Atavism In Modern Horses

Modern horses, which descend from smaller, five-toed ancestors, show similar atavisms. The fossil record documents the gradual loss of toes over time, so that in modern horses only the middle one—the hoof—remains. It turns out that horse embryos begin development with three toes, which grow at equal rates. Later, however, the middle toe begins to grow faster than the other two, which at birth are left as thin “splint bones” along either side of the leg. (Splint bones are true vestigial features. When they become inflamed, a horse gets “the splints.”) On rare occasions, though, the extra digits continue developing until they become true extra toes, complete with hoofs. Often these atavistic toes don’t touch the ground unless the horse is running. This is exactly what the ancient horse Merychippus looked like fifteen million years ago. Extra-toed horses were once considered supernatural wonders: both Julius Caesar and Alexander the Great were said to have ridden them. And they are wonders of a sort—wonders of evolution—for they clearly show genetic kinship between ancient and modern horses.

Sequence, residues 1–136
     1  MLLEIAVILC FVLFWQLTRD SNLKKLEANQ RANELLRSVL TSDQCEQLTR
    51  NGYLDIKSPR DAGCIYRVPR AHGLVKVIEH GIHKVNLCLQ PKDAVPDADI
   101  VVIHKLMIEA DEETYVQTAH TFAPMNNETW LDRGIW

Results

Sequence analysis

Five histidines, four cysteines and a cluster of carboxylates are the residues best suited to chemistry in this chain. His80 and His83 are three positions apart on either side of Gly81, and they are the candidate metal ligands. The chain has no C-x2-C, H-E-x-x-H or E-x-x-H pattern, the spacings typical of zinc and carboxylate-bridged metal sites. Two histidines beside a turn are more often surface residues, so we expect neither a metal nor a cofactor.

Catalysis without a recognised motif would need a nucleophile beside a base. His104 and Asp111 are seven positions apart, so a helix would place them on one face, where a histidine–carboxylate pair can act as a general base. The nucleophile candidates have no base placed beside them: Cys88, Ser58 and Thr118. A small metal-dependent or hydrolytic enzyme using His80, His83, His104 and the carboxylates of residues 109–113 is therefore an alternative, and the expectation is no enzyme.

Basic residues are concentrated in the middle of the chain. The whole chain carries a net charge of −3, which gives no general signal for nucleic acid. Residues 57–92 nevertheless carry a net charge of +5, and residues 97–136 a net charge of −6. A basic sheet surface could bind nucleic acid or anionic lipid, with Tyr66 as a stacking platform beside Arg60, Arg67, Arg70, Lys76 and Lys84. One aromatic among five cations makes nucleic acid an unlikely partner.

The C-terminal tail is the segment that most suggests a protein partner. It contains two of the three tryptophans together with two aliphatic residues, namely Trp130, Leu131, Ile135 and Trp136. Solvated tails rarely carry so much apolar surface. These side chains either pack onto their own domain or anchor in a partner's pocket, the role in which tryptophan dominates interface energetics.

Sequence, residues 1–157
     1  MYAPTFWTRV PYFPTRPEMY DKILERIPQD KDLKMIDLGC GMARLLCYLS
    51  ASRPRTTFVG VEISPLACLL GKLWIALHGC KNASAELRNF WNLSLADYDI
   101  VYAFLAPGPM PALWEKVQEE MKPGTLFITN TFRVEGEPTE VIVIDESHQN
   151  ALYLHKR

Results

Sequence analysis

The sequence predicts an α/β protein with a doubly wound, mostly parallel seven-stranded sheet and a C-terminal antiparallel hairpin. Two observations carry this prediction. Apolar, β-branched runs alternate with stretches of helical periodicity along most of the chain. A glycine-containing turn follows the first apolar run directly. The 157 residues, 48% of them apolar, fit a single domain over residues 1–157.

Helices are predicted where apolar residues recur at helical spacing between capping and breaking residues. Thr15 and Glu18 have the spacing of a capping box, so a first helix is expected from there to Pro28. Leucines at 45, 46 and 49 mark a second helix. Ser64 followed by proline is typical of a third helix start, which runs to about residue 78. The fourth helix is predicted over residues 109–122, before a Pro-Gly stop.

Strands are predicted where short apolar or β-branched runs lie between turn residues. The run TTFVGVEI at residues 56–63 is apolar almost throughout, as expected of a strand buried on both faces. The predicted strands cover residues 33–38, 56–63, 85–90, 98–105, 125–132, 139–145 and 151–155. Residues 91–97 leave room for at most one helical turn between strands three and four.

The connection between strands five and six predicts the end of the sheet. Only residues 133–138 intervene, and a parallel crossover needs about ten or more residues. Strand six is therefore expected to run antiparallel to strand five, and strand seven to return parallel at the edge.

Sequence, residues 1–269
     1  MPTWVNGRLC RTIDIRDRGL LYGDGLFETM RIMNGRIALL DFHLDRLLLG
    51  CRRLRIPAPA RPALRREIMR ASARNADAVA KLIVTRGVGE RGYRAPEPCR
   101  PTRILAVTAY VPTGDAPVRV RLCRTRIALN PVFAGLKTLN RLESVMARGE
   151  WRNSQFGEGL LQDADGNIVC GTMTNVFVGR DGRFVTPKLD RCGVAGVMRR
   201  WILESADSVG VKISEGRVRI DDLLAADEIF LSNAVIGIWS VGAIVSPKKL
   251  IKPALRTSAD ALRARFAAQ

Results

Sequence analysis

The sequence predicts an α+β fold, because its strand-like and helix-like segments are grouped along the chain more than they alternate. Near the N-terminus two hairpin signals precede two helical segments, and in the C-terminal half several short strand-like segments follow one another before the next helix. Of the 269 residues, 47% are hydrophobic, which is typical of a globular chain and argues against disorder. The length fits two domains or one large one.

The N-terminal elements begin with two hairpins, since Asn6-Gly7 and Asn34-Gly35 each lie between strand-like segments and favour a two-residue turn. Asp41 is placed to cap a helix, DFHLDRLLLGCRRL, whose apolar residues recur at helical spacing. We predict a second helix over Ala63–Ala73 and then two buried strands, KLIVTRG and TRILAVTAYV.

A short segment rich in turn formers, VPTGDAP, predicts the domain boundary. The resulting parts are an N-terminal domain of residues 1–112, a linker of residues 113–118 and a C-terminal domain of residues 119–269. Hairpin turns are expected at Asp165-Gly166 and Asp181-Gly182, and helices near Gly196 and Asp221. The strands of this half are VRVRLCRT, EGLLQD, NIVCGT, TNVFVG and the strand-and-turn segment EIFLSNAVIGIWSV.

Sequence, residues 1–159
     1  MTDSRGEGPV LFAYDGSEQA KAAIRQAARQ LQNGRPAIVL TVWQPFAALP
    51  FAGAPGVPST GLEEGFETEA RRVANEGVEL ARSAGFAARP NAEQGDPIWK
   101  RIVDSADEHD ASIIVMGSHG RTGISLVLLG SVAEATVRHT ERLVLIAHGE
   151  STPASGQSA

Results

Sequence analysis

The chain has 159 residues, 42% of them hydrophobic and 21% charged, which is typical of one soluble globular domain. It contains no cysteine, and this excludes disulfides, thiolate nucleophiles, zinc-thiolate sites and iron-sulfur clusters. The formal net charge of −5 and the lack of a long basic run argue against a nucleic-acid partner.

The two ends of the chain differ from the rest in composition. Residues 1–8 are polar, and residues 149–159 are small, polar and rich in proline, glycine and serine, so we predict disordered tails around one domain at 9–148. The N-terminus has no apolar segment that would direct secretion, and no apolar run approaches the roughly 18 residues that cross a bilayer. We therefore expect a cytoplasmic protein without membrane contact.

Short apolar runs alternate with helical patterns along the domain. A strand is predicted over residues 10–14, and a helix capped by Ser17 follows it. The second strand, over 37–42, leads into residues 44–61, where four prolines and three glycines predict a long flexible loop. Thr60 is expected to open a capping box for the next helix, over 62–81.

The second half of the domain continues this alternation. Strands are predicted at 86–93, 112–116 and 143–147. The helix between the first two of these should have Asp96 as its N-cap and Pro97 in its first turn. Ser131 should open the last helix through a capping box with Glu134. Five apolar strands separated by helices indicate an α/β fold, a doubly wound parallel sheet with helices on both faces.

Modern horses have a common birth defect of growing extra toes from when their ancestors had them.

Folksonomies: evolution atavism

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Alexander the Great (0.972698): dbpedia | freebase | yago
Atavism (0.968347): dbpedia | freebase
Julius Caesar (0.850595): dbpedia | freebase | yago
Horse (0.732325): dbpedia | freebase | opencyc
Splints (0.732012): dbpedia | freebase
Toe (0.731347): dbpedia | freebase | opencyc
Ancient Rome (0.680365): dbpedia | freebase | yago
Ancient history (0.665610): dbpedia | freebase | opencyc

 Why Evolution Is True
Books, Brochures, and Chapters>Book:  Coyne , Jerry A. (January 22, 2009), Why Evolution Is True, Penguin (Non-Classics), Retrieved on 2011-09-15
Folksonomies: evolution evidence creationism